Fossils offer new insight into human evolution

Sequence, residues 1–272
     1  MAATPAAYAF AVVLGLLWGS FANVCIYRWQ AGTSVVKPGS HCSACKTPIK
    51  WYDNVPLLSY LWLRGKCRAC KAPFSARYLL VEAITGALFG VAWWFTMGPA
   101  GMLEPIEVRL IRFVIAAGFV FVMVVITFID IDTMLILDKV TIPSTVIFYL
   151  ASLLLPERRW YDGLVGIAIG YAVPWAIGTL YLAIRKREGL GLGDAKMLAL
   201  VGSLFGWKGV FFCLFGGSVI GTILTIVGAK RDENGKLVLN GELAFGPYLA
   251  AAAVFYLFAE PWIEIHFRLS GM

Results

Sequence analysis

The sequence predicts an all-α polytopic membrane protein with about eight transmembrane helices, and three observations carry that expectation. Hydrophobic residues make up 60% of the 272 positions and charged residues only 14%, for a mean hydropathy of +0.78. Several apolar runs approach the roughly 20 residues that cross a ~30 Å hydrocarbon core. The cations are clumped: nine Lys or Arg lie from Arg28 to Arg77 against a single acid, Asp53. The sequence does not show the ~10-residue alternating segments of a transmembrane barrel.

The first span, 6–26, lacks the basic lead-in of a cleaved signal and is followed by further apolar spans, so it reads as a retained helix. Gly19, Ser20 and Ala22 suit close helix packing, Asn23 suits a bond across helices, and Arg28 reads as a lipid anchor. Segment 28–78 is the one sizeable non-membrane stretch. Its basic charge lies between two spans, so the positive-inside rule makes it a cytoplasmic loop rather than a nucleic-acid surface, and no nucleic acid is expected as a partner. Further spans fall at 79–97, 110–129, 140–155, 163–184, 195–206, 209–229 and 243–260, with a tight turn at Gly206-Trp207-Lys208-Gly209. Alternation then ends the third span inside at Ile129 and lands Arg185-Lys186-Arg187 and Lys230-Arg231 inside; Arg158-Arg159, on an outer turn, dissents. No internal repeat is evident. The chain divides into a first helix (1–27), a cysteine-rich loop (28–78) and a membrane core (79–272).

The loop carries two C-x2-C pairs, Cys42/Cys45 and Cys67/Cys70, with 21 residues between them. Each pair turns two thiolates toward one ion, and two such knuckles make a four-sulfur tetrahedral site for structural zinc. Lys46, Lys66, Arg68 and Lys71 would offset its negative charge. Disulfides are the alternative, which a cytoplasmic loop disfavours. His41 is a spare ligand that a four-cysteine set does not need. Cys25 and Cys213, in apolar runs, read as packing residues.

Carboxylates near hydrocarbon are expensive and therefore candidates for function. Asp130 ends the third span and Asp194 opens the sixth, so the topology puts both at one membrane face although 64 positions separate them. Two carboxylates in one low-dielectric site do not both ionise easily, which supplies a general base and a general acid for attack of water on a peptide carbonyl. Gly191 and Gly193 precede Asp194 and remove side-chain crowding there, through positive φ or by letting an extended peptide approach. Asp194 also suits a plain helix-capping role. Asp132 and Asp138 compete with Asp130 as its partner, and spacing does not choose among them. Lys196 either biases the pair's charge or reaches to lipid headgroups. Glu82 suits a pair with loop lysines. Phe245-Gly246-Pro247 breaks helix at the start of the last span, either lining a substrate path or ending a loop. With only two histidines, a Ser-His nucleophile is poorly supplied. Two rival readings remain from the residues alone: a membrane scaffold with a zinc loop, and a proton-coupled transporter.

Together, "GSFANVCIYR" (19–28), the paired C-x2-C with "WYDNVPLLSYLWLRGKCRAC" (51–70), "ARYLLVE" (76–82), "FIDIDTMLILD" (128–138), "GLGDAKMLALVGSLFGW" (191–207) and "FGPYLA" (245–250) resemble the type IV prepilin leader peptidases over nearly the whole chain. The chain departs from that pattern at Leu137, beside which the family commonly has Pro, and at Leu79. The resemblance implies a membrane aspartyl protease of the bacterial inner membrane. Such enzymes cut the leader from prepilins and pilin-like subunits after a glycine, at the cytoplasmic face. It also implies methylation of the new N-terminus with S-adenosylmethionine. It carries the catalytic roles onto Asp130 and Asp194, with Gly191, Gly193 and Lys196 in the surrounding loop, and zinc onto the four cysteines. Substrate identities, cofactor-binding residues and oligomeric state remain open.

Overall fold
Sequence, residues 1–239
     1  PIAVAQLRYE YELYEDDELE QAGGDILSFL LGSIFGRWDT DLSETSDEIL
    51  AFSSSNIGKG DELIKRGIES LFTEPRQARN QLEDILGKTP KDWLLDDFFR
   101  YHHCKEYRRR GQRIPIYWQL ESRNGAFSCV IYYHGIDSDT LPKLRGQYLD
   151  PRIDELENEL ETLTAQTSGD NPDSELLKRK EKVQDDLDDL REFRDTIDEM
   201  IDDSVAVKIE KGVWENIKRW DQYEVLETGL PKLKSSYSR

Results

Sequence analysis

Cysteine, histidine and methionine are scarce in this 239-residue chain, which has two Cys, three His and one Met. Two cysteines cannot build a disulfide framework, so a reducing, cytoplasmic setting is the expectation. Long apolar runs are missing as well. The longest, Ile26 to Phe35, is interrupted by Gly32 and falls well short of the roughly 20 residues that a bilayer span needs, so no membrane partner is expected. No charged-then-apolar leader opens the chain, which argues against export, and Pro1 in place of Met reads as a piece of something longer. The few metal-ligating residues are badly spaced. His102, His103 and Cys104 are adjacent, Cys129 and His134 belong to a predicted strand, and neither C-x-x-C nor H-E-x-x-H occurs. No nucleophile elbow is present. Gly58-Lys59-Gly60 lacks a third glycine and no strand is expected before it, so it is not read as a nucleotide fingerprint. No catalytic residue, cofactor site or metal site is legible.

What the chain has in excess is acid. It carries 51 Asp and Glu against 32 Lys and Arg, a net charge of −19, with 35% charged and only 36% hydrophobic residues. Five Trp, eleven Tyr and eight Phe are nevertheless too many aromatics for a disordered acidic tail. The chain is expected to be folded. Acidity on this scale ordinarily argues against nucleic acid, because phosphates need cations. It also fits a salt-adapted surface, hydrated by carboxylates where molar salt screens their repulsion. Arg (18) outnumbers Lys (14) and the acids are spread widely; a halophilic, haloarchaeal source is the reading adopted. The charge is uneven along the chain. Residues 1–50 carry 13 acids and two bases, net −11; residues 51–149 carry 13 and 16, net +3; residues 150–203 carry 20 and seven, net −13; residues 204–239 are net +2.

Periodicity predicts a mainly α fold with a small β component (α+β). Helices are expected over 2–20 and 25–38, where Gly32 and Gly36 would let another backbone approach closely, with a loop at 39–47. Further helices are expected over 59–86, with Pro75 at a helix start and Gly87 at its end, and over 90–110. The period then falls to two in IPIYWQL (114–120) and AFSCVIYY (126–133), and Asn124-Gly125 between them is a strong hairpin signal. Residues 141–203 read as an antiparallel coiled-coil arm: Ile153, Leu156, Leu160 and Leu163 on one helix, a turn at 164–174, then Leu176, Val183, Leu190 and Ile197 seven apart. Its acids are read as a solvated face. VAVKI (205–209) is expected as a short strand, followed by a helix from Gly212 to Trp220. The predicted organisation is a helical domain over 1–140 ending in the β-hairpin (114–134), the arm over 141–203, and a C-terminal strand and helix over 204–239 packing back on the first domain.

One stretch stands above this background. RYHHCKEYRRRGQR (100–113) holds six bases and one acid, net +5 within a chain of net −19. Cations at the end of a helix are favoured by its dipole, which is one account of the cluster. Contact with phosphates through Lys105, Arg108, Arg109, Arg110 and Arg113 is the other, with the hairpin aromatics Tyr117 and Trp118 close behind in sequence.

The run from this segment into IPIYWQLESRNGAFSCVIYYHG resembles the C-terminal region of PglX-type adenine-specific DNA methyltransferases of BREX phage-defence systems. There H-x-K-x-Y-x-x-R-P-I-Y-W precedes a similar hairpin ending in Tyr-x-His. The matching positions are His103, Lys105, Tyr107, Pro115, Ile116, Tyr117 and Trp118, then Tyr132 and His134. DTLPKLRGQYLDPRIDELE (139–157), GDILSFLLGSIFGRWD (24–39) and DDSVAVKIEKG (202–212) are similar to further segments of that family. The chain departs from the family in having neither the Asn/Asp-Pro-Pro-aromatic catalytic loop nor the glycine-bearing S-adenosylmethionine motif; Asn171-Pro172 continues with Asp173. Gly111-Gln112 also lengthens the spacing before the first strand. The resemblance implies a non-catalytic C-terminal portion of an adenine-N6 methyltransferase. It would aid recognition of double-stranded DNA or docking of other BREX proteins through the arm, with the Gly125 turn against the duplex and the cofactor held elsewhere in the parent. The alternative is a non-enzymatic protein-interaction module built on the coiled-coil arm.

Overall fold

Scientists examining the fossilised bones of a foot found in Ethiopia in 2009 believe the remains indicate that the human ancestor from whom they came could walk upright at times. The specimens, which consist of eight elements from the forefoot – bones such as metatarsals and phalanges – are thought to be more than 3.4 million years old. Experts believe they demonstrate that there was more than one pre-human species living in East Africa between three and four million years ago. The evidence, published in the journal Nature, states that the finds are different to the remains of another human ancestor, (Australopithecus afarensis), whose remains were first identified in the 1970s. Named ‘Lucy’, the afarensis fossils showed that her body was built for walking; her big toe was aligned with the other four digits of the foot, and she had a human-like arch.
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